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Texas Judge Rules Some Bans on Abortion in State Are Unconstitutional

Texas’s restrictive abortion bans are “inconsistent with the rights afforded to pregnant people,” the judge ruled.

Center for Reproductive Rights attorney Molly Duane speaks during a press conference outside the Travis County Courthouse in Austin, Texas, on July 20, 2023.

A Texas judge has placed a temporary injunction on some of the state’s abortion restrictions, ruling that physicians shouldn’t be barred from providing abortion services in medical emergencies.

Just hours after that ruling, however, the state attorney general’s office filed an appeal stating that the restrictions will remain in place, pending the state Supreme Court’s decision on the matter.

State District Judge Jessica Mangrum of Travis County issued her ruling on Friday in favor of plaintiffs in a lawsuit against the state who said that policies barring abortion services were too restrictive. The plaintiffs included physicians and their patients, who shared harrowing details with the court about their experiences resulting from Texas’s abortion ban.

Those women include:

  • Amanda Zurawski, who developed sepsis after being denied abortion care when her water broke at 18 weeks of pregnancy, well before what is considered the time of viability for a fetus;
  • Ashley Brandt, who had to travel out of state to get an abortion after one of the twins she was carrying was diagnosed with a fatal condition;
  • And Samantha Casiano, who described to the court how she was forced to carry a nonviable pregnancy to term, giving birth to a child who died just four hours after being born.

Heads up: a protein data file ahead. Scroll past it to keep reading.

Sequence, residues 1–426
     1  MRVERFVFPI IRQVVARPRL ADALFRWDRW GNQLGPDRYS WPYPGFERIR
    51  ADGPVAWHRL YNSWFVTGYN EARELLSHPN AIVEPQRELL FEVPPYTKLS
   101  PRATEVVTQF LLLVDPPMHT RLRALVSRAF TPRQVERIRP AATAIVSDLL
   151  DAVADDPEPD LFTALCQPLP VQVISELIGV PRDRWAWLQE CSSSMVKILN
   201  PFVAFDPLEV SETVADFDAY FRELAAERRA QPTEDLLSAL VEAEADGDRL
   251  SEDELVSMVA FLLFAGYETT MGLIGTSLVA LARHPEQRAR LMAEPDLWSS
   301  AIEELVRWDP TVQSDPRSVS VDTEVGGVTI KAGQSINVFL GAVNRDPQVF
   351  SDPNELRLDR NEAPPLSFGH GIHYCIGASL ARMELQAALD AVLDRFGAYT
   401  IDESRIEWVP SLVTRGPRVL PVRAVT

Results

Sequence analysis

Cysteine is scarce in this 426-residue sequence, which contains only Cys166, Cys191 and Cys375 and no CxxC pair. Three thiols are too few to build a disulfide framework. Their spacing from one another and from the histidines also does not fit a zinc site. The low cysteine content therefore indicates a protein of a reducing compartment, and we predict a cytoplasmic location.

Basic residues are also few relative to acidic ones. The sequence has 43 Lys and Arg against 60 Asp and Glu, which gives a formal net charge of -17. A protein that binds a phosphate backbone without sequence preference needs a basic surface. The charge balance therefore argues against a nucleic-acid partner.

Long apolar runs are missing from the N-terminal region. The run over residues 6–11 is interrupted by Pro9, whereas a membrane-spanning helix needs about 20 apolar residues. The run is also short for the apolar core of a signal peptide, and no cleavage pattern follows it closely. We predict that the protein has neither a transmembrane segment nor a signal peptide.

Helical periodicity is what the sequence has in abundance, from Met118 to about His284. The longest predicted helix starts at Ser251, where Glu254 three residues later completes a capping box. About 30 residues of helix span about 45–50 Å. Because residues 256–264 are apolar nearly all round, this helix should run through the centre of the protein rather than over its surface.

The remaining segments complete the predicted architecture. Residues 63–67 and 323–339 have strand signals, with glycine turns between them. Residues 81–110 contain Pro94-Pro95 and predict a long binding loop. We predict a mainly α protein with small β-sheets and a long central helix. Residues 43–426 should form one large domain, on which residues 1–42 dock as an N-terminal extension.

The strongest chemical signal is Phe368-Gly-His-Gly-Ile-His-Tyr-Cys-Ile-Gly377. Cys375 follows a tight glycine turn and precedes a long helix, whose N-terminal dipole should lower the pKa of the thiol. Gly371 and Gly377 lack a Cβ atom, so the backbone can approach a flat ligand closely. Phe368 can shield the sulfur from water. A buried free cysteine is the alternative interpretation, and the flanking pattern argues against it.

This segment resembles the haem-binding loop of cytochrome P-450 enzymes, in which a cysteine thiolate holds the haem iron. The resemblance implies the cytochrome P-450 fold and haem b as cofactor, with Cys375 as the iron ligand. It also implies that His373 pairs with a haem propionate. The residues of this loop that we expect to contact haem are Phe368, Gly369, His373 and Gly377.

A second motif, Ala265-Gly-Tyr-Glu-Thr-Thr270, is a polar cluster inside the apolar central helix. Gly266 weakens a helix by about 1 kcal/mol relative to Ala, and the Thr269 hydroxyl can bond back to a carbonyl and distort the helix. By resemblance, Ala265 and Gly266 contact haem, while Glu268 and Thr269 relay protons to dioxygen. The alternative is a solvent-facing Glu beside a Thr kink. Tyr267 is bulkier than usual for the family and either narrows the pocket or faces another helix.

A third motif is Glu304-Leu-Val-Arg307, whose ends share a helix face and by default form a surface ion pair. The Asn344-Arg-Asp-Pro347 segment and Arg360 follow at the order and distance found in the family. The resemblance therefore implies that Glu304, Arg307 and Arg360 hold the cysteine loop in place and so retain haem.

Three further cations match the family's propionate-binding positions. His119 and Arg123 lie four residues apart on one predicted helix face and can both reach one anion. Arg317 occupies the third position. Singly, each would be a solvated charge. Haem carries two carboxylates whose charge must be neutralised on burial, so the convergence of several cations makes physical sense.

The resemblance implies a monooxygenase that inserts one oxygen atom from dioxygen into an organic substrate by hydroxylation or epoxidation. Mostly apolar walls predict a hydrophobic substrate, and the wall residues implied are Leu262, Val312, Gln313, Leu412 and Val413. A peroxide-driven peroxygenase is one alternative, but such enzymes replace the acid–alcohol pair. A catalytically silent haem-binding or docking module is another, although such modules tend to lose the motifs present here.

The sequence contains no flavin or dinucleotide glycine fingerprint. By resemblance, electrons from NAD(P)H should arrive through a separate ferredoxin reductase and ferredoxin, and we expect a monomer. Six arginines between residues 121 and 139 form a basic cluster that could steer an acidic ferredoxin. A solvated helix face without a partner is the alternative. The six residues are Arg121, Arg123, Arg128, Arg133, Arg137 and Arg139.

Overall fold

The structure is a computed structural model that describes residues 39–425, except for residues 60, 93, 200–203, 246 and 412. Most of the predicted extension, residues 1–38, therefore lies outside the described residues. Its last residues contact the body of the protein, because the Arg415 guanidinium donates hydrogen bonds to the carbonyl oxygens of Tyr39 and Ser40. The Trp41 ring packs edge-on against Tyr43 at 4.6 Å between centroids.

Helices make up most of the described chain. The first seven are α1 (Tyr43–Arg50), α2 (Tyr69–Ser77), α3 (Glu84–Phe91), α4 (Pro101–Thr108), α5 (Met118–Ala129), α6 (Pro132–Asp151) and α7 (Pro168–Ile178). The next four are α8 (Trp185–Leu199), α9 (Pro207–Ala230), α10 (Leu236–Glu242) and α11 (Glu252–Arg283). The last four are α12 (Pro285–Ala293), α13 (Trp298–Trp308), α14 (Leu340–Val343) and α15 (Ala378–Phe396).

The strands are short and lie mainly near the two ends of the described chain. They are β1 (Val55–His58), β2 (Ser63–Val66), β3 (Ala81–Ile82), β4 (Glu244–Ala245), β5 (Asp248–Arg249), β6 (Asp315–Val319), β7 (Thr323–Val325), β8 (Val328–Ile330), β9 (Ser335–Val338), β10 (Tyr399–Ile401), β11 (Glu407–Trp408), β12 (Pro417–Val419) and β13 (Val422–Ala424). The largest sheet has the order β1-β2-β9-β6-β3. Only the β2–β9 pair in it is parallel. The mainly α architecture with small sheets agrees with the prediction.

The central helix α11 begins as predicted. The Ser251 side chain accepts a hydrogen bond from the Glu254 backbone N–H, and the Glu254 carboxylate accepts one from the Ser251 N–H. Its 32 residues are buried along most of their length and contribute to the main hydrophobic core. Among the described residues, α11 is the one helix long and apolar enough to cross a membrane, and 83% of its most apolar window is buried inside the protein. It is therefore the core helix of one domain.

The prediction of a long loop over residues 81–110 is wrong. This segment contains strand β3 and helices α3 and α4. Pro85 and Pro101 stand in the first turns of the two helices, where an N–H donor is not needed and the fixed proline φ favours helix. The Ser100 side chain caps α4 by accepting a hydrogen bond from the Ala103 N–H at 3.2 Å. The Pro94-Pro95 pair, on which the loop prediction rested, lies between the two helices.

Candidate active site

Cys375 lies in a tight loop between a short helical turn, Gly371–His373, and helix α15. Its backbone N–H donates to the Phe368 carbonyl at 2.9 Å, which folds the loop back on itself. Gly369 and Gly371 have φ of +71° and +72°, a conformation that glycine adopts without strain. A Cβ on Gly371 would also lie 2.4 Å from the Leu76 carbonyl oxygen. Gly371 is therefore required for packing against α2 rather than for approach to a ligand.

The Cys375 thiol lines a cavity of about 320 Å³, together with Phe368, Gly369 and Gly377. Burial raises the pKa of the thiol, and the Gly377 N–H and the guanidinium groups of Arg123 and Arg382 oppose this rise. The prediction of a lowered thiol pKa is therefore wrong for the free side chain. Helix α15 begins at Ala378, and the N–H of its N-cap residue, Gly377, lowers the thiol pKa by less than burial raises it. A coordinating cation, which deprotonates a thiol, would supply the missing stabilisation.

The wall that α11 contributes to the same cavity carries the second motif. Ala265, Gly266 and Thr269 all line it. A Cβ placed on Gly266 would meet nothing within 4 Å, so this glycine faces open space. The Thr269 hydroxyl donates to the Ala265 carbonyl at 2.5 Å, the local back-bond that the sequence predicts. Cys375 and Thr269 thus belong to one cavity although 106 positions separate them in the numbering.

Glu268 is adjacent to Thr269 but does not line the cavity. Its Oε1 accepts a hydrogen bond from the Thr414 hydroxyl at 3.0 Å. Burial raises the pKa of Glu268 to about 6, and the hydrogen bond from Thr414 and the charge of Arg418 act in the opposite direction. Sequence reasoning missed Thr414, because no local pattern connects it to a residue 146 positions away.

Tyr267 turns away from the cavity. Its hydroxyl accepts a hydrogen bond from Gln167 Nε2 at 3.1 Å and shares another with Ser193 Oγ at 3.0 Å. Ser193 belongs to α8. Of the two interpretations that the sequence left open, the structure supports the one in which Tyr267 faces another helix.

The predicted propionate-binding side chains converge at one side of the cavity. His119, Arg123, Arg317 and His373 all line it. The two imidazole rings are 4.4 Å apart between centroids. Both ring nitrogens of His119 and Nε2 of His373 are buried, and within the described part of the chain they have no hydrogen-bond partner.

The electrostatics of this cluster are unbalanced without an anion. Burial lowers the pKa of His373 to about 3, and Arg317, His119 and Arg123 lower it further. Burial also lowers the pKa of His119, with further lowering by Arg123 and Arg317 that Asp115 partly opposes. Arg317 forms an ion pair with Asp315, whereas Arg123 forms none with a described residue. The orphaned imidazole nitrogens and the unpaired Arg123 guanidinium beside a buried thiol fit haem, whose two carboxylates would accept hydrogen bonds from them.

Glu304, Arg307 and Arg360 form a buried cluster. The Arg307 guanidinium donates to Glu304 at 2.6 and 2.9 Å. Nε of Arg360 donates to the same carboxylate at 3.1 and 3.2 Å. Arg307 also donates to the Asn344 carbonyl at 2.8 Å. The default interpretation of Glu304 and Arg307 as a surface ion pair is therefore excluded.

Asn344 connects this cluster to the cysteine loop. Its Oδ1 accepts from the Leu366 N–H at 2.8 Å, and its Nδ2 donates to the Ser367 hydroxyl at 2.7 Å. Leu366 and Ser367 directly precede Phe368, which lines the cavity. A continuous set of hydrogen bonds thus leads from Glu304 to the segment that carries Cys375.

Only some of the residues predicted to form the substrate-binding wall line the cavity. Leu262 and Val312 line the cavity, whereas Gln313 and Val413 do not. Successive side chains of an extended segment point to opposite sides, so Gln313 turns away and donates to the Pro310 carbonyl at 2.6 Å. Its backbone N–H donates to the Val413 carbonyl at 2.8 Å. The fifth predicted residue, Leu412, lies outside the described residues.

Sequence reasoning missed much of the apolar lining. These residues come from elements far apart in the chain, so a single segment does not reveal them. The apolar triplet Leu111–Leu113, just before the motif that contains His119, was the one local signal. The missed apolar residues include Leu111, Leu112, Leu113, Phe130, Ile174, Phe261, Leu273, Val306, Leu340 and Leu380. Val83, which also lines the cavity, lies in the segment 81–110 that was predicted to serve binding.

Casiano became physically ill recollecting her ordeal on the witness stand last week, crying and vomiting as she described what she went through as a result of Texas’s draconian abortion laws.

The lawsuit from these individuals and their physicians is believed to be the first one filed by people who were personally impacted by a state’s abortion ban since the U.S. Supreme Court overturned federal abortion rights protections last year.

Mangrum found the law to be unconstitutional, saying that the vagueness of its language rendered doctors unable to provide necessary abortion services. In addition to allowing more leeway for abortion providers in emergencies, Mangrum also ruled that her injunction would cover those who have a condition that is “exacerbated by pregnancy” that cannot be treated while they are pregnant, and that it would apply in instances in which the fetus has a condition that makes survival after birth highly unlikely.

“The Court finds that there is uncertainty regarding whether the medical exception to Texas’s abortion bans…permits a physician to provide abortion care where, in the physician’s good faith judgment and in consultation with the pregnant person, a pregnant person has a physical emergent medical condition,” Mangrum wrote in her ruling.

“Enforcement of Texas’s abortion bans as applied to a pregnant person with an emergent medical condition for whom an abortion would prevent or alleviate a risk of death or risk to their health (including their fertility) would be inconsistent with the rights afforded to pregnant people,” Mangrum added.

Mangrum said her injunction would last until spring of next year, when the formal trial would begin. However, right after her injunction was issued, the office of state Attorney General Ken Paxton said that it was filing an “accelerated interlocutory appeal” to the state Supreme Court to immediately block her findings.

“Texas pro-life laws are in full effect. This judge’s ruling is not,” a statement from the attorney general’s office said.

The Center for Reproductive Rights, which represented the plaintiffs in the lawsuit, rejected that messaging.

“It’s never been clearer that the term ‘pro-life’ is a complete misnomer,” said Molly Duane, an attorney for the abortion rights organization. “What our plaintiffs went through was pure torture, and the state is hell bent on making sure that kind of suffering continues.”

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